Architect: Brightwen Binyon
Front Perspective View including plan published in The Building News, November 21st 1879. Interior view including elevation to Little King Street was published in The Building News, March 5th. 1880. The Corn Exchange was completed in 1882. Its grand hall is now an arts, entertainment and conference venue.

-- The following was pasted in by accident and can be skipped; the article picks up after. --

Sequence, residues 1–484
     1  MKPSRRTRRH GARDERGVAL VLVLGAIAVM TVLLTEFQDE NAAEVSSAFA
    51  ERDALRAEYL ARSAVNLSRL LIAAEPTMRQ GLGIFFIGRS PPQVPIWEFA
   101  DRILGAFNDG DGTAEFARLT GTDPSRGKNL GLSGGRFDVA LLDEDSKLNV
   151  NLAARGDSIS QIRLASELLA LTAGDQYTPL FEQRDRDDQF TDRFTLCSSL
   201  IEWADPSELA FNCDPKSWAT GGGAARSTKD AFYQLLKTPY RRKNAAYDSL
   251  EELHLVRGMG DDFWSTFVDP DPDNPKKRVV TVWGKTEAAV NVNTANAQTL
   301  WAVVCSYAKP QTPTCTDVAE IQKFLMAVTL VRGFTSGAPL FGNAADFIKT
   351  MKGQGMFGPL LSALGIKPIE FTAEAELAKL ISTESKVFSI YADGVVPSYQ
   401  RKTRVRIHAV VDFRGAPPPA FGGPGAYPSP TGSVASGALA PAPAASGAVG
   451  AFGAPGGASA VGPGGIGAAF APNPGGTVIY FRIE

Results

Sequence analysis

“We illustrate this week the design submitted in competition for the Ipswich New Corn Exchange by Mr.Brightwen Binyon, A.R.I. B. A., which was unanimously selected by the building committee and awarded the premium. We understand that since then the Town Council have instructed Mr. Binyon to prepare the plans for carrying out the work. The exchange is well situate in the centre of the town, back to back with the present town-hall, and is designed to harmonise therewith. The buildings consist of a large corn hall 131ft. by 60ft., with a belt of shops on two sides — towards King-street and Little King-street. The perspective view we publish is of the angle formed by these two streets. On the north side of the hall the irregular space will be utilised for retiring-rooms in connection “with the exchange, also a public urinal approached from the town-hall passage, the remainder of the space being devoted to a settling office for the use of the merchants, and to a yard of 150ft. super., which is the space required by the local Building Act for all dwelling-houses ; in this respect this plan differed from all the others, that a dwelling-house was given to the shop at north-east corner with the necessary yard. The shop is provided with a show- room and a sitting-room over the shop, and on the third floor a kitchen, and suite of sleeping- apartments in the roof. The shops on the south side are all to be small, those shown on plan being divided into two. On either side of the south entrance to the hall are offices which will be to let ; as also the suites of three offices on the first and second floors. There are also rooms over the shop at the southwest corner, which will be used in connection with the hall. On the second floor towards King-street are a fine suite of municipal offices approached from the town hall by a staircase at the north-east comer. An approach to the basement will be made from Lion-street, with cask and goods wharf, giving access to a central corridor from which large .store cellars open on either side. Those at the Lion-street end will be well lighted, and form excellent work.shops, the rest being only lighted by deck lights in the floor of corn exchange. The corn hall is mainly lighted from the roof, the whole north slope of the roof being glazed with double glazing, a space of one foot being left between the glass to deaded the sound of rain, so that the hall may be used for concerts and public meetings. There are also side windows which are more for ventilation than light. The winter ventilation is further secured by large fresh-air tubes in the window-sills, and a series of extraction flues in the centre panels of ceiling opening into a continuous louvred space along the ridge. The exterior towards King-street and the Little King-street side of angle pavilion are to be of Portland throughout, the rest of the exterio rbeing of Suffolk white bricks with Portland dressings, The interior of the hall, of which we hope shortly to give an illustration, is also to be of white brick, with a few terra-cotta red and buff bands. The drawings are now being prepared, and tenders will most probably be invited early in January.”